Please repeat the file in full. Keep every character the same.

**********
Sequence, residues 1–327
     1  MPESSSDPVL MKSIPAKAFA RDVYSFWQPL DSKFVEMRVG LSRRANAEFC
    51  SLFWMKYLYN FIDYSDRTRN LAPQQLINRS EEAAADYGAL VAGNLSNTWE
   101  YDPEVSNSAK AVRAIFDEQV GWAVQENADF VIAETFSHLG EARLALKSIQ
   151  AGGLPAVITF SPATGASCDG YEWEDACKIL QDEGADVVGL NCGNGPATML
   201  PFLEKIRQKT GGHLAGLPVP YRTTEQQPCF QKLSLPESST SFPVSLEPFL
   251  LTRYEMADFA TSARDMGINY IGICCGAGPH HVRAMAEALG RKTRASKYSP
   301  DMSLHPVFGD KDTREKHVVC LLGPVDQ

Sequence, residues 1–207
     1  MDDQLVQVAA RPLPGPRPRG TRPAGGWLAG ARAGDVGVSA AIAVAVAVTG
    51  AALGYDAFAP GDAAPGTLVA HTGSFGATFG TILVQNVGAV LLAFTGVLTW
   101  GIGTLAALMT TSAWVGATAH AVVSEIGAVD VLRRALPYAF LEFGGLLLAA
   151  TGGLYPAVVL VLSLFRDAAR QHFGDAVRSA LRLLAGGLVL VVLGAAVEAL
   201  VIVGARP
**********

Sequence, residues 1–327
     1  MPESSSDPVL MKSIPAKAFA RDVYSFWQPL DSKFVEMRVG LSRRANAEFC
    51  SLFWMKYLYN FIDYSDRTRN LAPQQLINRS EEAAADYGAL VAGNLSNTWE
   101  YDPEVSNSAK AVRAIFDEQV GWAVQENADF VIAETFSHLG EARLALKSIQ
   151  AGGLPAVITF SPATGASCDG YEWEDACKIL QDEGADVVGL NCGNGPATML
   201  PFLEKIRQKT GGHLAGLPVP YRTTEQQPCF QKLSLPESST SFPVSLEPFL
   251  LTRYEMADFA TSARDMGINY IGICCGAGPH HVRAMAEALG RKTRASKYSP
   301  DMSLHPVFGD KDTREKHVVC LLGPVDQ

Sequence, residues 1–207
     1  MDDQLVQVAA RPLPGPRPRG TRPAGGWLAG ARAGDVGVSA AIAVAVAVTG
    51  AALGYDAFAP GDAAPGTLVA HTGSFGATFG TILVQNVGAV LLAFTGVLTW
   101  GIGTLAALMT TSAWVGATAH AVVSEIGAVD VLRRALPYAF LEFGGLLLAA
   151  TGGLYPAVVL VLSLFRDAAR QHFGDAVRSA LRLLAGGLVL VVLGAAVEAL
   201  VIVGARP